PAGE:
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#998024 - 11/13/08 05:53 PM New Member - Prodigal Pianist
Ayreonaut Offline
Junior Member

Registered: 11/10/08
Posts: 4
Loc: Richmond, VA
Hey Folks,

I discovered this forum while doing my homework concerning buying a piano. Thanks for all of your helpful posts! I looking forward to joining you in supporting one another.

I'm an American who grew up in South Korea, where my Dad was a missionary. My parents started me in piano lessons when I was 7. We didn't have a piano, but in Korea that's no hindrance since you practice at your teacher's house every day. After 50 minutes of practice you get a 10 minute lesson five times a week.

My piano teacher was a Korean lady who was educated in the US. I practiced and learned in her two bedroom apartment in which she had an upright in each bedroom and a grand in the living room. I studied there for one year.

The next year my Dad was on furlough in the US visiting his supporting churches. I attended a Christian school in Knoxville where piano lessons were an elective. The American piano teacher was somewhat upset that I had been playing piano for a year and had not learned to sight read very well at all. So for the second year of my piano lessons, I spent most of my time sight reading.

When I returned to my Korean piano teacher the following year, she had purchased a building and had at least ten pianos in it. I took lessons there from her for the next four years. But as time went by, her clientele grew so that I didn't receive very much lesson time any more.

The next year and a half my Dad was on furlough again, and I didn't take lessons or play much that year.

My last four years in Korea were my high school years. Thank God my parents were able to save up enough to buy a piano for our home. (Yamaha) But the bad news is that in high school I had three different teachers. The first was a professor of organ at a university and she said that I had a good touch, but thought it was a shame that I couldn't sight read hymns. So she set me on that course, but my level was far beneath her and she soon referred me to a Korean student of hers.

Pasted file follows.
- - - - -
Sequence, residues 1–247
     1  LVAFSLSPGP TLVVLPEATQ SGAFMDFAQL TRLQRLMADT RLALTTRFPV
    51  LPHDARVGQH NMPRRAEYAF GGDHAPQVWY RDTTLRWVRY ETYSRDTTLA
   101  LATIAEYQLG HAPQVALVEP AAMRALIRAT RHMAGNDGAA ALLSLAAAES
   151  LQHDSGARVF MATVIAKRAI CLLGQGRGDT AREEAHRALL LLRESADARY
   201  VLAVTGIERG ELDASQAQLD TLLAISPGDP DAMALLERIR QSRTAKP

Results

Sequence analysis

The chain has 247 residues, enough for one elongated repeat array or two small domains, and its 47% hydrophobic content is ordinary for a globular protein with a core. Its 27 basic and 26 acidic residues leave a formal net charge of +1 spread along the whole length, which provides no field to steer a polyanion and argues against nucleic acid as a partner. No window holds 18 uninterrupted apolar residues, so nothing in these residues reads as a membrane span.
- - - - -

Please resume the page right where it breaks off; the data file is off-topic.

He wasn't with me for long before he concluded that my level was beneath him, so he referred me to a student of his. She wasn't much help. So I decided that I could do just as well on my own. My senior year I played without a teacher.

Then I went to college and stopped playing. I got married, went to work, had two kids. I didn't play at all for ten years.

A few years ago we bought a house and wanted a piano but had no extra money. We looked around and someone gave us one. It was an old monster upright with terrible action and was out of tune. I was unable to play classical music on it at all, but it was OK for banging out hymns. So I've actually improved somewhat at sight reading hymns and can sight read almost every hymn (with three or fewer flats or sharps in the key signature!)

But we recently have become able to buy a decent piano. I discovered this site and Larry Fine's book. I had no idea that buying a piano would involve haggling! We bought a new 49.5" upright May Berlin. It was delivered yesterday. I left work to be home when it arrived. I'm very happy to have a decent piano again.

I'm very determined to surpass the level at which I played before. I really should have been a better player after ten years of lessons, but my own lack of discipline as a child and the mixed nature of my piano education did not combine to make an excellent pianist of me.

As an adult, I'd like to do it right this time. I would appreciate your advice about finding a good teacher and developing an approach to practice so that I won't be wasting my time.

I read some of C.C. Chang's "Fundamentals of Piano Practice." I honestly don't know what to think. My Korean piano teachers taught me the traditional practice routine that Chang calls "all wrong." For problem passages I was told to play HS ten times and then HT ten times. My American teachers were very upset that I was taught to plan the same piece over and over again until memorized so that my sight reading skills were neglected. They wanted me to be able to sight read hymns etc. HT at tempo.

I'd like to be able to play more difficult classical music and be able to sight read hymns and beyond. Are two separate approaches required?

I'm very interested to hear your opinions. Actually the biggest question in my mind right now is ... Should I find a piano teacher, and how do I choose a good one?

P.S. My sons are both taking lessons now and my wife plays at church. Our piano should get a lot of use!

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#998025 - 11/13/08 06:27 PM Re: New Member - Prodigal Pianist
NancyM333 Offline
1000 Post Club Member

Registered: 11/06/06
Posts: 1547
Loc: Roswell, Georgia
Hi Ayreonaut--Welcome to the forums! I am sure you'll be able to learn to play very well.